A horse is a horse, of course, of course,
And no one can talk to a horse of course
That is, of course, unless the horse is the famous Mr. Ed.
I have been distracted from the “One tap of the hoof blog stuff” by the need to languidly loll in the summer_scapes of an Auckland emptied of people. Auckland abandoned is my most favourite Auckland. As the holiday home on the Kaipara, mother-in-law in Te Puke, and friends at Paraparaumu pull Aucklanders away I can feel the city slide into indolence.
In adopting a leisurely, unhurried, dreamy persona, the "arse-end of December" Auckland encourages you to loll with friends, to laugh and drink wine, to observe the forgotten garden, to read poetry, to walk the dog up volcanic cones at dusk, to throw hot chilli prawns on the bar-b-cue, to play with your blog templates, to watch old movies, and to rediscover what matters most.
Mister Ed: [impatiently] Let's Go Wilbur!
Wilbur Post: Go? You're on the bottom!
Mister Ed: Sorry! I forgot!
You cannot earjack a conversation between card-carrying members of the MoE digerati “A-list” at the moment without picking up terms like Learning Management Systems and Digital Learning Object.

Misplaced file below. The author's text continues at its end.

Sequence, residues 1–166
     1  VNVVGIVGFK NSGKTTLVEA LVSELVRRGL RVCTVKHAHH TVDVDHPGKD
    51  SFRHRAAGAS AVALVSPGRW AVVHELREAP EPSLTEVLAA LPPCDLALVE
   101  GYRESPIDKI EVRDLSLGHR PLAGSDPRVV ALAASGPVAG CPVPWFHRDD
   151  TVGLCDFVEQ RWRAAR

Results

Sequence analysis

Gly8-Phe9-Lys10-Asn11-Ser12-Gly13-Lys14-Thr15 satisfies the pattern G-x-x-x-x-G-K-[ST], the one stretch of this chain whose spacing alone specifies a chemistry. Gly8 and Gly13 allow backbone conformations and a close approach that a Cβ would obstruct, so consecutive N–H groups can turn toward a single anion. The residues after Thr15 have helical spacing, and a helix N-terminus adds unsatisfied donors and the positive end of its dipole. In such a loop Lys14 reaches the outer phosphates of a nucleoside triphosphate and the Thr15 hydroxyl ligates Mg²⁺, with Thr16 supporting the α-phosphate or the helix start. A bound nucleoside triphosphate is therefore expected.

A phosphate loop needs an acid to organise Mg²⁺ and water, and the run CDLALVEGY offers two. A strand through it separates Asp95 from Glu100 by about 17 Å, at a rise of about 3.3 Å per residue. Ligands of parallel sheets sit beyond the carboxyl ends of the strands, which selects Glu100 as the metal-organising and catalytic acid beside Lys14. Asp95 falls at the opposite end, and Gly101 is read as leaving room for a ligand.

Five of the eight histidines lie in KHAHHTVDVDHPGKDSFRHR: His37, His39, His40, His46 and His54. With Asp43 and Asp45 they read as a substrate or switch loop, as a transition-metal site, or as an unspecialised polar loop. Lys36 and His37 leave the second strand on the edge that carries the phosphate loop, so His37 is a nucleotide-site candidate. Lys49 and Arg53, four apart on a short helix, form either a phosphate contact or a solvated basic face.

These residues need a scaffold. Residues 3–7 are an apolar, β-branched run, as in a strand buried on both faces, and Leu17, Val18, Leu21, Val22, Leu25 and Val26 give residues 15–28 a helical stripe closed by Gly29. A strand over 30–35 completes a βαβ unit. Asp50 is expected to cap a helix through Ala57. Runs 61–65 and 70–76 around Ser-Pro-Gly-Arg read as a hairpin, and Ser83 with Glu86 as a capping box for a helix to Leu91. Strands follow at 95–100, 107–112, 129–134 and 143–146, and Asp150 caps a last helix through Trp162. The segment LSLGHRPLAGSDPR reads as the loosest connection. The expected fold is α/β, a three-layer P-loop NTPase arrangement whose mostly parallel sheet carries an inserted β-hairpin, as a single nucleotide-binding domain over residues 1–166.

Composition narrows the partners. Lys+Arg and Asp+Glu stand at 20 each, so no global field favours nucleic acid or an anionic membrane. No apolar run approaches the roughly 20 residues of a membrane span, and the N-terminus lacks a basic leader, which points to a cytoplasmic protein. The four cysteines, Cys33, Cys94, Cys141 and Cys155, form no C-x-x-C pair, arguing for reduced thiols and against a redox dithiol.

These terms are tossed like Brassica sprouts into the (e) conversations of the digerati with a facility and confidence that belies the fact that these resources and design environments are contentious, as yet not well defined, and often do not support contemporary understandings of meaningful learning environments.
(For a clear headed analysis of this refer Learning Designs and Learning Objects: Where Pedagogy Meets Technology. Oliver, R., Wirski, R., Wait, L., and K.Blanksby., In Towards Sustainable and Scalable Educational Innovations Informed by the Learning Sciences. C.-K. Looi et al. (EDs.) IOS press 2005-12-28)
When I question the digerati it seems that learning management systems are all about managing content for consumption, and digital learning objects all about creating the content for consumption.
When you are thinking about rote learning facts, rules, and/or following simple algorithms or procedures it is easy to understand how DLO’s and LMS might work together. But it is not so easy when you believe that meaningful learning is something different from the traditional view that “learning is listening, teaching is telling, knowledge is an object and to be educated is to know valuable content” [Harpaz, Y. (2005) Teaching and Learning in a Community of Thinking. Journal of Curriculum and Supervision.Winter 2005 Volume 20 Number 2 pp 136 – 157.]
Perhaps it is in the various representations, and misrepresentations of learning, within these conversations about LMS and DLO's that underlie the bewilderment, amongst the educators I work with, over what a digital learning object looks like.
My most favourite "what a DLO looks like" definition came at the Hands Across the Water ict_pd cluster conference in April 2004, when the Project Leader for ICT at the MoE struggled with and then abandoned a tautology that saw her describing DLO’s to the teachers in the audience as “objects for learning that are digital … that is digital objects that you can learn from …. learning objects that are digital ….digital learning objects” – I laughed at the time but 18 months down the track I am little better off.